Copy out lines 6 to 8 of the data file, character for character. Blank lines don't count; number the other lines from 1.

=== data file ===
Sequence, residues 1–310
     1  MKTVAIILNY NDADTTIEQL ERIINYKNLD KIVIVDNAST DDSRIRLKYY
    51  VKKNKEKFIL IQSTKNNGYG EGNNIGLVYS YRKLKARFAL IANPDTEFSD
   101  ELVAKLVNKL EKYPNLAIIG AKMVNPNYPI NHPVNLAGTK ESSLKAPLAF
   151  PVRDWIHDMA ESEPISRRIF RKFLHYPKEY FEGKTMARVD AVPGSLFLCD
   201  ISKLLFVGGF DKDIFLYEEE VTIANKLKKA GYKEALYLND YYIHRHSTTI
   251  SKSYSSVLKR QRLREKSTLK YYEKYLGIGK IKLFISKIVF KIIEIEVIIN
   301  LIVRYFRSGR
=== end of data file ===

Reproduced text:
   201  ISKLLFVGGF DKDIFLYEEE VTIANKLKKA GYKEALYLND YYIHRHSTTI
   251  SKSYSSVLKR QRLREKSTLK YYEKYLGIGK IKLFISKIVF KIIEIEVIIN
   301  LIVRYFRSGR